Do you run when you are away from home? Are you a parkrun tourist? Any stories to share?


Gone with the Wind – along with 2,499 Mad Dogs!

The Mad Dog 10K race in Southport is regularly mentioned in the Runner’s World magazine as one of the top ten races in the UK. So when my friend Lisa said that she had done the race, loved it and was doing it again in 2016, I had no hesitation in signing up for the 6th Mad Dog race billed as “Raiders of the Lost Bark”. I wanted to see what all the fuss was about because most races are well organised and have a great atmosphere so what’s so special about this one?

I was feeling a bit smug as I have managed to stay germ and sniffle free, even after Helsby half marathon so I was looking forward to the race. The gods of smug decided to cut me down to size because I came down with something viral last Wednesday and spent most of Thursday alternating between sleeping and shivering under a blanket on the sofa. It looked like my Mad Dog adventure was doomed.

Sign at Mad Dog

The Mad Dog Race has a sense of humour!

By Saturday, I had a bit of a cough but nothing major and I decided that I would go to the race and take it easy. (Disclaimer: this is against current medical advice that says you should run only if you have a head cold.) The weather forecast was very changeable in the days leading to the race but the one thing that was constant was the wind speed – gusts of around 40mph were expected. Not a good thing where the run is along the coast road! Thankfully the rain stayed away and the sun even came out.

There was a park and ride scheme to get us to the start. We didn’t have long to wait for a bus to take us to the high school which doubled as race HQ, baggage drop and T shirt collection. It was extremely busy there but the scouts doing the baggage drop were very efficient. There were the usual long queues for the toilets but luckily we had gone in the portaloos in the carpark. Although at this point, I felt like I needed to go again but put it down to pre-race nerves and decided not to bother…a decision I had a tinge of regret about later in the race…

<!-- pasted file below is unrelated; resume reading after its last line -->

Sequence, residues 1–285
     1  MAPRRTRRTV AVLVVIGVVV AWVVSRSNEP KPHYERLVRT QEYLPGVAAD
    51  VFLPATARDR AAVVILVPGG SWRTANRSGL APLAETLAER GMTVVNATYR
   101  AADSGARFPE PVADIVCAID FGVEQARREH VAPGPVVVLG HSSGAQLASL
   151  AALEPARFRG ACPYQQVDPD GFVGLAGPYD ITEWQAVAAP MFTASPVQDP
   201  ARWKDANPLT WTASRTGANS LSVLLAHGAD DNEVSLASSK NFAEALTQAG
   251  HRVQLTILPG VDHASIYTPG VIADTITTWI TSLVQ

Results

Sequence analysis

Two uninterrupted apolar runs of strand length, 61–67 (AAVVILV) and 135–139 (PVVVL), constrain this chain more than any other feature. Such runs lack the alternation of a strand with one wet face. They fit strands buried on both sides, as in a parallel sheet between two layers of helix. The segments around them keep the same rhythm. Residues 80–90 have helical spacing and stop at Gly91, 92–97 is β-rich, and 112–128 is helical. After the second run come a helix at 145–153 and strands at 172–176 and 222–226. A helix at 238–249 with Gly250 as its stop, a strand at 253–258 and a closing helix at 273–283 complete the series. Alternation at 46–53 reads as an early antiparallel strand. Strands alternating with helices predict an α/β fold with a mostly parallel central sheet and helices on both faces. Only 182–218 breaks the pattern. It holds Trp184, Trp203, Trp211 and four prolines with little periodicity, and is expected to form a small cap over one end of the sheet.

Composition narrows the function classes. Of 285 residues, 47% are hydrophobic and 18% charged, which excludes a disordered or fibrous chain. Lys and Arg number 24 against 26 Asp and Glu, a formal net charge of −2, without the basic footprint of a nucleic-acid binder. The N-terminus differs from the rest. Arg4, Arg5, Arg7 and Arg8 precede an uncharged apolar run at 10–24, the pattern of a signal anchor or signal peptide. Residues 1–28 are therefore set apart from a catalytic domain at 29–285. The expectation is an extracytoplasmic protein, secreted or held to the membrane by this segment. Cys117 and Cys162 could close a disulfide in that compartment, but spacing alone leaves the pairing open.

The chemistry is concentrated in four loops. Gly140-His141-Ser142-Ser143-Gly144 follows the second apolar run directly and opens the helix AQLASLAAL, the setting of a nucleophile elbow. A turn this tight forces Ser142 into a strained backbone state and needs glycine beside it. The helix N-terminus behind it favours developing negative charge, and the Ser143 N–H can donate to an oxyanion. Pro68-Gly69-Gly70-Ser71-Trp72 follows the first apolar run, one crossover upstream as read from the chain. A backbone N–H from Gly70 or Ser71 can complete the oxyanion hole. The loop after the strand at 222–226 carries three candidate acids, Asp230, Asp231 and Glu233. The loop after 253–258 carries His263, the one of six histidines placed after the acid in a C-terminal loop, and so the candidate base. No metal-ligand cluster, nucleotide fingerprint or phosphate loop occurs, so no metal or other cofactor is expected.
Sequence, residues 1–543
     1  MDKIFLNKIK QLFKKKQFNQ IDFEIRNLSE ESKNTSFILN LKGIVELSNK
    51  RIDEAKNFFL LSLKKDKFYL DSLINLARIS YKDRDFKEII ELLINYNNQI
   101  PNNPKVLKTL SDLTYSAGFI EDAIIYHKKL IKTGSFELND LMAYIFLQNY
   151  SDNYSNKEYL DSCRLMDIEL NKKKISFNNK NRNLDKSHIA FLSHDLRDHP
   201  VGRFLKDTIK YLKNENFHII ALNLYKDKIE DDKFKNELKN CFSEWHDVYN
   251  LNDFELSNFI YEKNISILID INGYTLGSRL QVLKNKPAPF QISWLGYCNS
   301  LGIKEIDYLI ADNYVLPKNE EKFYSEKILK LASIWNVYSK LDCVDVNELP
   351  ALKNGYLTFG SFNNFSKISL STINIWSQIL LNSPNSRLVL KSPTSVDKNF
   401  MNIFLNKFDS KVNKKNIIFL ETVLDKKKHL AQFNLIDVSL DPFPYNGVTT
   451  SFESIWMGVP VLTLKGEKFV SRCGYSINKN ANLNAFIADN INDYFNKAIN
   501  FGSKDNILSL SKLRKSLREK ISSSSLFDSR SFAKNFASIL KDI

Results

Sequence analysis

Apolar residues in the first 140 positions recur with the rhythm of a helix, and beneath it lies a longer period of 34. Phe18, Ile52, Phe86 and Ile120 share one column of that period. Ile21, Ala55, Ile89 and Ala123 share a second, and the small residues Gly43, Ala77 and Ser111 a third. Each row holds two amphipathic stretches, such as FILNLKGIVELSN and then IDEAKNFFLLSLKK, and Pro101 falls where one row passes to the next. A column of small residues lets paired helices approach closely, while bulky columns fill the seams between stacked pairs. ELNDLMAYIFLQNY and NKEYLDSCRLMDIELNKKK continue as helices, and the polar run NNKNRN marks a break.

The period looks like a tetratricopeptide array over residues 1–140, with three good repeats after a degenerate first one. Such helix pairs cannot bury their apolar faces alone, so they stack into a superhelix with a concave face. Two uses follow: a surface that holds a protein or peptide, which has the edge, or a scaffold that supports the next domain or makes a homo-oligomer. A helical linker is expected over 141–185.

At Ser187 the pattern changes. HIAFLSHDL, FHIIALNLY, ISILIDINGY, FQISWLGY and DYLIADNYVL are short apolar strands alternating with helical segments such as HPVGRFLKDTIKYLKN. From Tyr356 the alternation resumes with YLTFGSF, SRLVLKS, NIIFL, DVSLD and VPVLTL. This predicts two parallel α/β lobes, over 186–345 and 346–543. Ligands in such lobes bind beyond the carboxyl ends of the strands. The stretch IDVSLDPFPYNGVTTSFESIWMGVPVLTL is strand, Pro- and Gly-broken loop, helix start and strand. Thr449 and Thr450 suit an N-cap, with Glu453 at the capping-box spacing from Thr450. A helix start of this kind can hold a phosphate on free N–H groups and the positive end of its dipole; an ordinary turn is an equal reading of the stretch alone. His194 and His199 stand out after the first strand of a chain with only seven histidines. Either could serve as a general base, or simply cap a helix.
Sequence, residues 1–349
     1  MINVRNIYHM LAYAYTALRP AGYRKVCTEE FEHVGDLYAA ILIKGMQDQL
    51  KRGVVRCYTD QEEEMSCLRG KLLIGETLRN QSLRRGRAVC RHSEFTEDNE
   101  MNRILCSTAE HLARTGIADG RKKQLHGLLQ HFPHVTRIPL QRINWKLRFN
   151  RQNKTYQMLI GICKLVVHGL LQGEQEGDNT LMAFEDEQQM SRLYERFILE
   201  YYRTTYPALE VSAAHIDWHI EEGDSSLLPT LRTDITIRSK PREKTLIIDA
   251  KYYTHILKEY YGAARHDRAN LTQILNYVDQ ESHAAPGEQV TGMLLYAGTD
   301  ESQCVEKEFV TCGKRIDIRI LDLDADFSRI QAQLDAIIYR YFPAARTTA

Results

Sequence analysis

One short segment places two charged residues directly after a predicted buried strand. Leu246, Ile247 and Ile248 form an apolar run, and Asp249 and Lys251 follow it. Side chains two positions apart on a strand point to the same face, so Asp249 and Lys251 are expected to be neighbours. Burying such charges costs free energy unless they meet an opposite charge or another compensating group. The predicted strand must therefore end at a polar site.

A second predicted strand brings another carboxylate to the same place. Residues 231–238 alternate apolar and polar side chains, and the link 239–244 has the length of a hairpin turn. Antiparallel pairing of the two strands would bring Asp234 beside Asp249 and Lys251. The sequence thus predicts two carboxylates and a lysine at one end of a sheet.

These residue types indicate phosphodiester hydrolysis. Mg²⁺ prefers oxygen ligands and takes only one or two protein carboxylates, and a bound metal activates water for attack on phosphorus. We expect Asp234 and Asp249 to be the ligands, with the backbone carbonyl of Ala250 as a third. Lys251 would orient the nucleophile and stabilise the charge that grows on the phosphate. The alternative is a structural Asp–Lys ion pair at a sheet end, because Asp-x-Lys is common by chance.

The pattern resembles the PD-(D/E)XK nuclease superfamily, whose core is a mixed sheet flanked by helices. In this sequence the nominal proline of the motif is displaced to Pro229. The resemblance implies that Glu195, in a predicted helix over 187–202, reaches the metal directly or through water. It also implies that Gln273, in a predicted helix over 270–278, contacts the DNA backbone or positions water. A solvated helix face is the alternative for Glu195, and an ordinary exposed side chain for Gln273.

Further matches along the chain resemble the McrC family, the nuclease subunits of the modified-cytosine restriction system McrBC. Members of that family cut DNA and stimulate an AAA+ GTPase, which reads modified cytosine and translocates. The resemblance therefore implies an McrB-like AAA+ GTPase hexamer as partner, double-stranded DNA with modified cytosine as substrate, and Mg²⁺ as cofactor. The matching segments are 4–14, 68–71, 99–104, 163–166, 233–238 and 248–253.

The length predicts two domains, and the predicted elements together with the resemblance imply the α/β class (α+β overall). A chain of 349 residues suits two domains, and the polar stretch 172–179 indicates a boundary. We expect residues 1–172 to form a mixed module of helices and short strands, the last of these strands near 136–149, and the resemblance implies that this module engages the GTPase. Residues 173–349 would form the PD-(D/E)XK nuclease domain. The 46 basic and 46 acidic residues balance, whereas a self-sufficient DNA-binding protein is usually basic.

Race Number

My Race Number – feeling like a Bulldog, not a Husky

As we lined up at the start, the atmosphere was great, despite the strong winds. We had given our PBs for the distance and all runners were sorted out in Greyhounds, Dalmatians, Huskies, Labradors or Bulldogs. My bib said I was a Husky although I didn’t feel like a Husky and as I said on social media the night before, more like a snuffly Bulldog! With the race organiser asking everyone to howl and “Who let the dogs out?” playing on the sound system, we were off.

The first thing that we noticed was a strong cross wind that actually blew me sideways at one point. We then turned the corner and it was a case of heads down and get on with it! The bands playing at the side of the road helped enormously to get through it as did Pelvis Presley who I high fived. It really was a relentless wind and I have never been so glad to turn a corner and have the wind behind me in all my life.

Once out of the headwind, I began to feel a bit uncomfortable and wished that I had braved the long queues for the portaloos. As luck would have it at that point in the race, there were some toilets. Hurrah! As any thought of a PB had been dashed by my illness and the strong winds, I decided that comfort would win over pride today. My Garmin suggested I only took 20 seconds to stop but it felt a lot longer! My Garmin also told me that in the second 5km of the race, each kilometre was 20 seconds faster than the first 5km, showing the power of the wind.

Doggy Bag

The Doggy Bag in all its glory!

I made it back in 58.23, a performance that I was content with given the winds, the comfort break and the cold which forced me to take it easy. The goody bag,or the doggy bag, was immense. There was an energy drink which I gave to Lisa and I seemed to be missing a sachet of body lotion which Lisa had in her bag but there was much more than I have ever seen in any other goody bag. The T shirt (it glows in the dark) and medal are also ace (I really must get a medal hanger sorted out!)